After a breakneck beginning, Ghostland Observatory took time off to recharge. For the band’s caped keyboardist and laser light wizard, the fallow season has been fertile.
It’s the early eighties and this flamboyant dude in Minneapolis is singing about fruit cocktail, banana daiquiris, sex, and raspberry berets. People don’t quite know what to make of him, or his mix of funk, dance, and rock rhythms, but they are riveted. “People think he’s a freak!” Thomas Turner says, obviously delighted. Prince is that increasingly rare thing—an utterly unique industry game changer.
"Austin is still a place where people can pursue crazy ideas and turn a passion into a paycheck,” says James Taylor, the general manager of Holy Mountain, a bar and live music venue in the heart of downtown’s Red River Cultural District. Between sips of Pearl Snap, we are chatting about the breakneck speed of Austin’s growth. With his buzz cut, plaid shirt, and crisp, dark denim, Taylor has the retro charm of a 1950s comic book hero. But he’s firmly committed to the future of his favorite city.
“Our rich history means that many other music communities around the country and world are looking to see how the creative class will address this growth,” he says. “Can Austin stay affordable? Can the cool that entices companies like Google and Facebook and X Games stay relevant, so those industries stay? We’re at a pivotal time with the opportunity to develop a model that works here and for other creative cities.”
From a sprawling vinyl collection to a home music studio, these three Austinites have created musically-minded spaces to call their own.
Rooms speak volumes about the people who inhabit them, and in the creative spaces of manager Sam Shah, musician Ian Orth and ACL Live talent buyer Jack McFadden, music takes center stage. Whether it’s a coat closet full of records or an office lined with treasured guitars, these three musical havens offer a place for their owners to explore, create and bring the music home.
What does a former coat closet filled with 2,000 records look like? Awesome, if it’s anything like ACL Live talent buyer Jack McFadden’s vinyl collection, located at one end of a modern living room in the South Austin home McFadden shares with his wife and two children.
It only makes sense that the “Live Music Capital of the World” should have its fair share of blogs dedicated solely to the best and brightest that this city (and the music industry at large) has to offer. Austin Writes Music, Austin Bloggy Limits and Covert Curiosity are just that — online outlets and resources that provide both blogger and reader a place to explore Austin’s unique music culture.
The “senior” blog of the bunch, Covert Curiosity (covertcuriosity. blogspot.com) started carving out its niche as a trusted source for local music information in July of 2006. “There weren’t really any specifically music blogs in Austin at the time, and I wanted a place to expose some of the interesting things I was getting into and discovering,” says Lawrence Boone of his blog.
By Day: He’s the cofounder and CEO of SpaceCraft, and she’s the owner and creative director of popular entertaining blog CamilleStyles.com.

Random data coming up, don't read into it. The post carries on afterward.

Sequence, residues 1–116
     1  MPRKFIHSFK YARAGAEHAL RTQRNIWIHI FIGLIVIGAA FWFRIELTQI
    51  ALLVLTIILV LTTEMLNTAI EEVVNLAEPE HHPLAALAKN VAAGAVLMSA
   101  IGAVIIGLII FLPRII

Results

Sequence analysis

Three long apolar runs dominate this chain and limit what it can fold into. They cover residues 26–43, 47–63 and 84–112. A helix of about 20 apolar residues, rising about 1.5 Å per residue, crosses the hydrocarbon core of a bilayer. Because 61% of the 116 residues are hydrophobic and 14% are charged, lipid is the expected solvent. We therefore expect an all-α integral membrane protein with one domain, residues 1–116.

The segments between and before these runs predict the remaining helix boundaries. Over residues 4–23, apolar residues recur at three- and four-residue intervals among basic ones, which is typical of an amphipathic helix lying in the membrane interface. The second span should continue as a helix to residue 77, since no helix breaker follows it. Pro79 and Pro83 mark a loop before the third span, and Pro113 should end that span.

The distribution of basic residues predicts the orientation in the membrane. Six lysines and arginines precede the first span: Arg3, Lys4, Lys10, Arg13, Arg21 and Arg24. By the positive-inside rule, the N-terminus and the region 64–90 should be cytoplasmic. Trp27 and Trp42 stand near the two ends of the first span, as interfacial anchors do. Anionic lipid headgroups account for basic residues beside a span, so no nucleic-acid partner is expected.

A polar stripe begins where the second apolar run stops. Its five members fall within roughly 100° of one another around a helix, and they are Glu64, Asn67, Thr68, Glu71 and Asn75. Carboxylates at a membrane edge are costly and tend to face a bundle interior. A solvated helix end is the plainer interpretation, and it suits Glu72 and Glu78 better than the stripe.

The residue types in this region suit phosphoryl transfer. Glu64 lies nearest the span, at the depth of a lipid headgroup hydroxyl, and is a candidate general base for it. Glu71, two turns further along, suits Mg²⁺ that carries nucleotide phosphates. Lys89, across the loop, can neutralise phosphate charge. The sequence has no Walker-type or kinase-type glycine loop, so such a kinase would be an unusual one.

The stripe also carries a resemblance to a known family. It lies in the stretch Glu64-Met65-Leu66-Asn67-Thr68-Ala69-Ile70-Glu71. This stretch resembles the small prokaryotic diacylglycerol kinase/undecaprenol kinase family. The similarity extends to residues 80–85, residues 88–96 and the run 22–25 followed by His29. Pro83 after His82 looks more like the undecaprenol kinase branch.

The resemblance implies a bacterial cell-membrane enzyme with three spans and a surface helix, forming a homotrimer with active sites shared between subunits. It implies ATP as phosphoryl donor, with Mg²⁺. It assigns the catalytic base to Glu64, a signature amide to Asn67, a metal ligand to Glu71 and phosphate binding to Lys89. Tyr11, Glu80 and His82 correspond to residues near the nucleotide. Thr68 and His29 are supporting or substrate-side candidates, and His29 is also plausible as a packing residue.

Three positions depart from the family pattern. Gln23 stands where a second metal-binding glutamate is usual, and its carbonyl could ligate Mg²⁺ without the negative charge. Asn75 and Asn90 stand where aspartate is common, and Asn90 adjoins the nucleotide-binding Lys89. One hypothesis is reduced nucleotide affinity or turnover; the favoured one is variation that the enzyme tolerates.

How They Met
Camille says: I worked at Adam’s former company, Springbox. The first week of my new job there, I was in a car accident that put me in an ugly gray neck brace for the next three months. It’s funny to think that we actually got to know each other when I was feeling less than attractive; of course, Adam likes to say that he just got to know my inner beauty first!
By Day: Founders of the Beyond Batten Disease Foundation (beyondbatten.org)
How They Met
Charlotte says: We met while we were living in Paris. Craig was working for a company based out of Houston, and I had started a business exporting antiques back to the States. We met among a group of friends. Americans have a way of finding each other when they live abroad, and particularly since we are both from the South. Craig likes to say that I was the only other one who understood his French!
By Day: He’s a novelist and UT professor, and she’s an assistant attorney general.
How They Met
In the kitchen at a mutual friend’s house.
By Day: He’s an executive recruiter with the Innovar Group, and she’s a jewelry designer and owner of FALK Jewelry Designs.
How They Met
She was an undergrad, and he was a grad student at UT.
Kerrin says: My dad always emphasized the fact that it is important to meet someone while doing something you love to do...and I love going out! It was actually a particularly special night, though… I went to a Tim McGraw concert with my sister, where she met who would be her future husband. Dave was at the concert that night too, but we hadn’t met. After the concert I begged my sister to go to the Aquarium [a favorite Sixth Street watering hole], and that’s where we all met up. Nothing better than sisters marrying friends.
It's summertime and the livin' is easy in bold color and prints with a little bit of prep mixed in.
Location: Hamilton Pool
Models: Breauna, Chloe Jayne, Christian & Matt of Wallflower Management, Hair + Makeup by Franchiska Bryant of José Luis Salon, Styling Assistants: Linda Harrold + Avalon McKenzie
I will not shake martinis. I will not shake martinis. I will not shake martinis… This was the lesson of the day at Bar Congress, that — judging by the neat script on the chalkboard — at least one employee failed to learn. “When you shake a martini it gets cloudy, and one of the coolest things about a beautifully made gin martini is its crystal clarity. It should be so still and so clear that after a hard day’s work, you look at that, and it just calms you down.” This is bar manager Adam Bryan’s romantic philosophy behind his rule. He is one of the growing number of bartenders in Austin serious about their craft.